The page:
October 17 is the tenth meeting for Systems Thinking Ontario. The registration is at https://st-on-2013-10-17.eventbrite.com/
Theme: Systems Thinking and Design Thinking: Cybernetic Principles
This meeting is the second in the series of three based on "Systemic Design Principles for Complex Social Systems", Peter H. Jones, a chapter in Social Systems and Design, Gary Metcalf (editor), Volume 1 of the Translational Systems Science Series, Springer Verlag (2013). [published in 2014 by Springer] [preprint available on request from Peter Jones]
From the list of 10 design principles, the fifth to seventh are are related to core cybernetic principles.
A core set of systemic design principles shared between design and systems disciplines is proposed. The following are based on meta-analysis of concepts selected from system sciences and design theory sources. Design principles were selected that afford significant power in both design and systems applications, and are sufficiently mature and supported by precedent to be adapted without risk.
- 1. Idealization
- 3. Purpose (finding)
- 4. Boundary framing
- 5. Requisite variety
- At the Principia Cybernetica, see "The Law of Requisite Variety" at http://pespmc1.vub.ac.be/ASC/LAW_VARIE.html and ftp://ftp.vub.ac.be/pub/papers/Principia_Cybernetica/PCP-Web/REQVAR.html.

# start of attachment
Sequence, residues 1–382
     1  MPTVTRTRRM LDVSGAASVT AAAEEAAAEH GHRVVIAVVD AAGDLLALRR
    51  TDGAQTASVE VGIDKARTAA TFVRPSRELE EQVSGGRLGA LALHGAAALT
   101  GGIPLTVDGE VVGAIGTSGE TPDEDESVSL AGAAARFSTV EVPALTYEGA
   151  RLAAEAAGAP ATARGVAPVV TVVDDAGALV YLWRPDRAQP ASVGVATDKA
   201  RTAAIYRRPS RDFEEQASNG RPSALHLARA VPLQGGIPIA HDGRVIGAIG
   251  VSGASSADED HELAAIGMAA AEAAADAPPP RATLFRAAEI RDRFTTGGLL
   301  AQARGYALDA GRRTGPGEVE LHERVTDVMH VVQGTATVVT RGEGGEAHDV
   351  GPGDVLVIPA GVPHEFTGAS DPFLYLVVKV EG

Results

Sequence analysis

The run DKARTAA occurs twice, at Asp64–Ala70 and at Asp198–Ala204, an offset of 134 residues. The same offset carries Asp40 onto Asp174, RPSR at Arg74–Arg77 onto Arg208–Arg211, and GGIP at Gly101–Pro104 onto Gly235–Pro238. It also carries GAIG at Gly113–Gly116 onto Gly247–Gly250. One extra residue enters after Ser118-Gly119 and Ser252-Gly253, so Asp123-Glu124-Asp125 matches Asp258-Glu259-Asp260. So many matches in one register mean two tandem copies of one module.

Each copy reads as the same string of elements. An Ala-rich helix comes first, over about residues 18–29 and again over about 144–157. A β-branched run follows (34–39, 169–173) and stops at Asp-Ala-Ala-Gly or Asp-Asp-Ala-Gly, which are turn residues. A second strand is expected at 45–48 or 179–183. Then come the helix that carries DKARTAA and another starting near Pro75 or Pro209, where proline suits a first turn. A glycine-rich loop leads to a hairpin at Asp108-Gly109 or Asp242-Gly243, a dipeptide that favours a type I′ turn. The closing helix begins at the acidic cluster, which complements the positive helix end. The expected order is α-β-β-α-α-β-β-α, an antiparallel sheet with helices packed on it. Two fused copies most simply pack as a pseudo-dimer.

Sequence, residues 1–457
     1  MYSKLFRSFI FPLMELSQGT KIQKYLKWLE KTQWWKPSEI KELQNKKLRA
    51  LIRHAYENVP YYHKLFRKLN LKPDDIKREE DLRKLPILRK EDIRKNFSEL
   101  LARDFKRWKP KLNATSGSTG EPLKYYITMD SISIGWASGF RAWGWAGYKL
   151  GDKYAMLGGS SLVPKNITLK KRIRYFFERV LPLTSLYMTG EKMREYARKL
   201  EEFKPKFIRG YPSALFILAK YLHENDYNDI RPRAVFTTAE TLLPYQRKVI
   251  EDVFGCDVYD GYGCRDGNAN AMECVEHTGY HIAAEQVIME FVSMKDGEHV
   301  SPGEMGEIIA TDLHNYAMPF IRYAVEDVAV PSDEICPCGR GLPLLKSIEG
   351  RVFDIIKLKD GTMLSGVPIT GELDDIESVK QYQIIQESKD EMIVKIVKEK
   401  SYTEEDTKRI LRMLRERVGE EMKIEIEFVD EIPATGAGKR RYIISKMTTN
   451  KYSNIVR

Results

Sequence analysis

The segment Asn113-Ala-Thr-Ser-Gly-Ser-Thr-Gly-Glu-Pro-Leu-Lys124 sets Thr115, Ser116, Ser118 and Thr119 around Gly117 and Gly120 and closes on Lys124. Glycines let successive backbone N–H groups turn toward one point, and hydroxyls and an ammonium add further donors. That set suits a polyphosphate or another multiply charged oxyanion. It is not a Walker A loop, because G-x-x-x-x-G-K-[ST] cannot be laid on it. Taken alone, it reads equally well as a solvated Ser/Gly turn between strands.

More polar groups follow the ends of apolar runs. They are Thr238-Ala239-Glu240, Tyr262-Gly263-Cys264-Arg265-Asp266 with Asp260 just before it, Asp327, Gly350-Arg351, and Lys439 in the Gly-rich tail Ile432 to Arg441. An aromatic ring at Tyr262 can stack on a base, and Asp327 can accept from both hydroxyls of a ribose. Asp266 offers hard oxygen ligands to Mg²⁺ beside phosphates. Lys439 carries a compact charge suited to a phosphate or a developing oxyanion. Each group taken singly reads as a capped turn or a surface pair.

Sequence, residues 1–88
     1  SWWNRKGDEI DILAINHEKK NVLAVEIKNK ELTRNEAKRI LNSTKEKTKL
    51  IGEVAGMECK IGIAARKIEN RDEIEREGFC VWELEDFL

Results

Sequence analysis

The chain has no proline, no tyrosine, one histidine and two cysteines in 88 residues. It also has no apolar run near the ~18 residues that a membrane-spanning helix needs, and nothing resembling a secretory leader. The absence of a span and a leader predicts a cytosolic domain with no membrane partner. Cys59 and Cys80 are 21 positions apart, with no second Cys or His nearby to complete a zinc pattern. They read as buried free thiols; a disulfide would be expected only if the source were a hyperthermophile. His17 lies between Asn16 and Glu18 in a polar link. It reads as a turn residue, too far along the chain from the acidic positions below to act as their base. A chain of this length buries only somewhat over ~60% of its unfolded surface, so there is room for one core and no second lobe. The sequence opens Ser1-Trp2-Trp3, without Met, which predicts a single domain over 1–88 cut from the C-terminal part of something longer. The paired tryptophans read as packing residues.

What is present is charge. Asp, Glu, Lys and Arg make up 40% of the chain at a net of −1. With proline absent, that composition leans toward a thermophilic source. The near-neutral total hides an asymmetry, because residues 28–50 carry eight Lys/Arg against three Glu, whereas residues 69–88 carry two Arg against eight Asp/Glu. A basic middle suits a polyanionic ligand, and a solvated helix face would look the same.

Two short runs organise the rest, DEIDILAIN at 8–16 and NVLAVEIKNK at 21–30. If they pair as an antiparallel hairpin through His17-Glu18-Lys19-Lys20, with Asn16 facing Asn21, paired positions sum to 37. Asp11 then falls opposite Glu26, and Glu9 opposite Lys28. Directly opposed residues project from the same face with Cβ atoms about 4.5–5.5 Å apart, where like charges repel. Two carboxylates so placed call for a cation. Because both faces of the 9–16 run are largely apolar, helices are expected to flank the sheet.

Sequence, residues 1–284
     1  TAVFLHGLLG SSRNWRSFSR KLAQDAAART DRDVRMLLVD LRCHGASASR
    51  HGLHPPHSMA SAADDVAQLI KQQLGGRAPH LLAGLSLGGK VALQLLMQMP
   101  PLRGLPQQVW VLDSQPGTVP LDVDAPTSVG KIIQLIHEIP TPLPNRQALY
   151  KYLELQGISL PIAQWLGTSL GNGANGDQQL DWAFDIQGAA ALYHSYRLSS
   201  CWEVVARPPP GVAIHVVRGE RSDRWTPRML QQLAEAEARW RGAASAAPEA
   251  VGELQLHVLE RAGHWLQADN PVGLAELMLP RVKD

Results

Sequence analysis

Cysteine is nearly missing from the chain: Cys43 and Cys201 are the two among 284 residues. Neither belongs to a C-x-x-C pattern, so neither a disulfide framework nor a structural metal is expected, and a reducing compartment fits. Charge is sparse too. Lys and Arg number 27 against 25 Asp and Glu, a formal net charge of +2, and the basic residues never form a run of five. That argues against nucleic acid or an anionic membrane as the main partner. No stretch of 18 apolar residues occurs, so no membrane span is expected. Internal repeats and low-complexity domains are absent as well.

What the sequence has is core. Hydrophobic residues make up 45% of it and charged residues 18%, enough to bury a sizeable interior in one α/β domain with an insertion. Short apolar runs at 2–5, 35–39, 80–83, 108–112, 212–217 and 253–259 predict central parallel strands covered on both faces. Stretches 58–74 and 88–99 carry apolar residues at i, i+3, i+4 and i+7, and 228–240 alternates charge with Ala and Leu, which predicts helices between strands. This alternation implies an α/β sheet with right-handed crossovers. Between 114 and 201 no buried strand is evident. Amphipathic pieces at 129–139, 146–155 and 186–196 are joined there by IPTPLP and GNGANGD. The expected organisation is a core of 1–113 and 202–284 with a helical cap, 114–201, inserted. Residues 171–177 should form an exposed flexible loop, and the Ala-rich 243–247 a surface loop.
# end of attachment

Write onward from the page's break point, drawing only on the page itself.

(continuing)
- See Stafford Beer on Ashby's Law of Requisite Variety and Autonomy at http://www.youtube.com/watch?v=bDRudRhNgy4
- 6. Feedback coordination
- See William Ross Ashby, Design for a Brain (1980), selected passages on Feedback, Adaptation and Security at http://www.panarchy.org/ashby/adaptation.1960.html
- 7. (System) Ordering
- See Harold Nelson, "Design inquiry as an Intellectual Technology for the Design of Educational Systems", Comprehensive Systems Design: A New Educational Technology, Reigeluth, C.M., B.H. Banathy, and J.R. Olson, editors, Spring-Verlag, Berlin. With NATO Scientific Affairs Division (1993) at http://www.advanceddesign.org/publications/art-2a-01-01-93.htm
- 8. Generative emergence
- 9. Continuous adaptation
- 10. Self-organizing
While these principles may appear to assume universality across literatures, the intent is for applicability and adaptability of principles, not a fundamental baseline. (Jones, 2013).
Participants should not feel limited to this suggested pre-reading, but should recognize that other attendees may have not read, or are reading differently, that article.
Bloogers are encouraged to write about their learning and experiences at the meeting. Links will be added to this page.